I wrote this article for TowerTalk, my apartment building’s newsletter. Montrose Beach is less than two miles to the south of us.
Crazy as it sounds, missiles stationed near Montrose Beach during the Cold War were armed with nuclear warheads. Even crazier, people seemed to think it was a good idea. This US Army “Family With a Future” decal anticipated a series of Nike missiles.
The missiles formed part of the Nike air defense system, one of 22 sites that ringed Chicago. These sites protected Chicago from Soviet aircraft flying over the North Pole and Canada to drop atomic bombs on the United States.
The Cold War was a time of international conflict that, for the most part, stopped short of violence. It began as World War II ended in 1945, leaving two major powers in the world: the United States versus the Soviet Union (USSR). The US already had atomic weapons, and the USSR exploded its first “A-bomb” in 1949.
The arms race was on, but neither side had long-range aircraft or missiles. As the Iron Curtain fell across Europe in 1946 and the Berlin Crisis sparked an airlift to the western half of the divided city in 1948-49, each side desperately researched improved weaponry.
Soon, about 300 Ajax launch sites were built to guard strategic locations. “Chicago has become the best-defended city in the Middle West against enemy air-to-ground attacks,” declared the Chicago Sun Times in 1960. Most of the city’s 22 sites were at its fringes, including in Indiana, but the lakefront had to be defended, too. Sites opened in Burnham Park, Jackson Park, and Lincoln Park.
The Lincoln Park site, operational from 1955 to 1965, was typical. An underground magazine of four missiles was installed just north of Belmont Harbor, where a patch of grass grows now. The radar and computers were housed in a building just south of Montrose Beach, where a restaurant operates now.
The sites opened to praise from the Chicago American newspaper. “The thing you ought to remember is that the Nike’s presence hereabouts should enable you to sleep a lot more soundly.” The missiles, it said, “make nice neighbors.”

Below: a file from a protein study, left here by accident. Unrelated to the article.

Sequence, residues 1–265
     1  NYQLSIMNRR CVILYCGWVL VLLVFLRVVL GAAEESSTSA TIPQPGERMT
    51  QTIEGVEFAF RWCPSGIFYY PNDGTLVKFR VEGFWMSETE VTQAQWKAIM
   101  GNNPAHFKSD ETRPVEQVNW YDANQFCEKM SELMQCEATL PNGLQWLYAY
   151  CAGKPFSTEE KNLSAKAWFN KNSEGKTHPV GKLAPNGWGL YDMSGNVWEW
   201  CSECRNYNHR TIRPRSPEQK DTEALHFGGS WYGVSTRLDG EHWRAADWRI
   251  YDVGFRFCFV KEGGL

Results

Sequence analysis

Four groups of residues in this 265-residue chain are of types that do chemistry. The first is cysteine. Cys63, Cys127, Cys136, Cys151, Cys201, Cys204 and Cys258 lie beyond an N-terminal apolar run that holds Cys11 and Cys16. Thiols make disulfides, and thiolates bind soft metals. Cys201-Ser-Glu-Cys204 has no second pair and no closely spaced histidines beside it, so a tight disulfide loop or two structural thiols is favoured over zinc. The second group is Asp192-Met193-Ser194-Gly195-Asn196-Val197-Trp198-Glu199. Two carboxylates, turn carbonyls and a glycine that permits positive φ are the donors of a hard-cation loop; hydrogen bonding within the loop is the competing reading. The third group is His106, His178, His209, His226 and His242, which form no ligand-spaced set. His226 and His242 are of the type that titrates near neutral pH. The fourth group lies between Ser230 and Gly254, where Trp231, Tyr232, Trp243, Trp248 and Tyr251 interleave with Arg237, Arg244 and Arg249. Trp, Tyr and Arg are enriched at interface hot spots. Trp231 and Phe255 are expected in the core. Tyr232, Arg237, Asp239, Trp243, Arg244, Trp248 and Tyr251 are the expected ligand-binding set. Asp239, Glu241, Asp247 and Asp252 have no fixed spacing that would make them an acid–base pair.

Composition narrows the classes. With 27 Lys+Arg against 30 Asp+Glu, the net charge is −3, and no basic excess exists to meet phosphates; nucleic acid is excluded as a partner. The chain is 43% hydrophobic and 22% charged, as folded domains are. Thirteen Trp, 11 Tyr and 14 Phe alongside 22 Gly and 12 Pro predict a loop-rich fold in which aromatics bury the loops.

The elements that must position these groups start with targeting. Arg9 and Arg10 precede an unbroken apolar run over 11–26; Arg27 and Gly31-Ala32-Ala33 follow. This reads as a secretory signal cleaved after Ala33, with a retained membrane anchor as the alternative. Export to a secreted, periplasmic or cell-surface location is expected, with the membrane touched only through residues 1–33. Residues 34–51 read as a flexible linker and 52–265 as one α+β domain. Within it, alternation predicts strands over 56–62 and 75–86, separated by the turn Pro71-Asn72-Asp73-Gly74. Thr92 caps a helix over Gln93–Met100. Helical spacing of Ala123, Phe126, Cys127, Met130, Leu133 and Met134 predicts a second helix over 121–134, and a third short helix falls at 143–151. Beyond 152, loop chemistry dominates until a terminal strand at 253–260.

Meanwhile, the Cold War kept heating up. As both sides improved their weapons, Americans began to build fallout shelters and create Civil Defense Systems with hopes of surviving a nuclear war. The Korean War from 1950-53 tested the limits of the Cold War. Then in 1957, the USSR launched Sputnik, the first satellite to orbit the Earth. The space race was on, and the US lagged behind in missile technology.
In 1958, the Army replaced Ajax with Hercules missiles and nuclear warheads. The missiles had a range of 100 miles, a top speed of 3000 miles per hour, and greater accuracy. The warhead could destroy ballistic missiles as well as several aircraft at once.
The Cold War remained tense. In August 1961, the Berlin Wall was built.
Not everyone liked living with the threat of sudden annihilation, and in November 1961, the first US Women’s Strike for Peace inaugurated the slogan, “End the Arms Race, Not the Human Race.”
In 1962, John Glenn became the first American to orbit the Earth. Later that year, the US discovered USSR missiles armed with nuclear weapons in Cuba, and the crisis almost sparked a nuclear war. That led to the 1963 Test Ban Treaty that prohibited the testing of nuclear weapons in the atmosphere, which had been spreading around a lot of radioactivity.
But as a consequence of the space race, missile technology improved. Soon the USSR and the US could launch intercontinental ballistic missiles carrying nuclear warheads, and the Nike sites became obsolete. In 1965, the site at Montrose Beach and Belmont Harbor returned to park use, as did nine of the other sites around Chicagoland.
Eventually, the Cold War became history. Now Montrose Beach hosts the joys of nature and piping plover nests — but we still live in crazy times.
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